Cape Verde Turtles and Climate Change
- 15 Jul 2019
- 2 min read
Recent study has warned that Loggerhead turtles born at a key breeding ground in Cape Verde (an island country in the central Atlantic Ocean) will all be turned female because of climate change.
- The sex of turtles is determined by the temperatures at which they are incubated and warm temperatures favour females.
- If high emissions continue, over 90% turtles could be incubated at lethally high temperatures, killing youngsters before they hatch.
- Even under a low emissions scenario, 99.86% of hatchlings would be female by 2100.
- Currently 84% of hatchlings at Cape Verde are female.
- Cape Verde has the third largest population of nesting loggerhead turtles.
- The International Union for Conservation of Nature (IUCN) status of Loggerheads turtle is vulnerable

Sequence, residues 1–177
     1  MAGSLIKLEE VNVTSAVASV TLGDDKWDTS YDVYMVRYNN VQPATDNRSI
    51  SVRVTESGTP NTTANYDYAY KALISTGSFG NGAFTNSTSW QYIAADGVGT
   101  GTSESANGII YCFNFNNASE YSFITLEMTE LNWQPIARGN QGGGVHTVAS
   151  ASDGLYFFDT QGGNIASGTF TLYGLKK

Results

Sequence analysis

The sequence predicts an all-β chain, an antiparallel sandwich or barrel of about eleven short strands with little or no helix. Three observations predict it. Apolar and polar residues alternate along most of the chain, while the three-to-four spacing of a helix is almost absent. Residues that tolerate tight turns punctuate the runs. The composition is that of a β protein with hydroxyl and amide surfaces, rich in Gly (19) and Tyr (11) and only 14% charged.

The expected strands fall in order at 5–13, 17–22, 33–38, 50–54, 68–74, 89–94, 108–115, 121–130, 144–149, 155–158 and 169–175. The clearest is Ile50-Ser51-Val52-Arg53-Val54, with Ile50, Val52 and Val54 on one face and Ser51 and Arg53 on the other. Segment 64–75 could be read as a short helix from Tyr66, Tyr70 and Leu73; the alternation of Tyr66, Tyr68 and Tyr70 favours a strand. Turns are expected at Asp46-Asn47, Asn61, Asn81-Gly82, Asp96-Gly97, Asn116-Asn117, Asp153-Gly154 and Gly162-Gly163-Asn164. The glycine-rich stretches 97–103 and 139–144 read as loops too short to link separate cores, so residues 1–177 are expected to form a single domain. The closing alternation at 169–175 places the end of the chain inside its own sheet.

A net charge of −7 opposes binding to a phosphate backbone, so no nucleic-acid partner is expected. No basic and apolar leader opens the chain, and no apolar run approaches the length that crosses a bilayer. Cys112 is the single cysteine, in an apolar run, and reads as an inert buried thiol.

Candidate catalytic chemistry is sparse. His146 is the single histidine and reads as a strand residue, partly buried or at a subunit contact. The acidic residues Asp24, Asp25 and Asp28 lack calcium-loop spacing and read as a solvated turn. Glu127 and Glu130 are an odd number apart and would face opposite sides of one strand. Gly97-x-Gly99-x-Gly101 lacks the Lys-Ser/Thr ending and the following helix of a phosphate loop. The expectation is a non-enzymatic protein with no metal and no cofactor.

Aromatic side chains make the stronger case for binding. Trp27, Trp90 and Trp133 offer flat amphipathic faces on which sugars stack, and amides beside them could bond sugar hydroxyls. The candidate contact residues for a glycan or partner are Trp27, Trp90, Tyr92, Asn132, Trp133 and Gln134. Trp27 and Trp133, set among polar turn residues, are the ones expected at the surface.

- Loggerhead sea turtles are named for their large heads that support powerful jaw muscles, allowing them to crush hard-shelled prey like clams and sea urchins.
- Unlike other sea turtles they are less likely to be hunted for their meat or shell.
- The accidental capture of marine animals in fishing gear, is a serious problem for loggerhead turtles because they frequently come in contact with fisheries.
- Many of their nesting beaches are under threat from tourism development.
- Loggerheads are the most common turtle in the Mediterranean, nesting on beaches from Greece and Turkey to Israel and Libya.
- Sea turtles are not only living representatives of a group of reptiles that has existed on Earth for the last 100 million years but are also a fundamental link in marine ecosystems and help maintain the health of coral reefs and seagrass beds.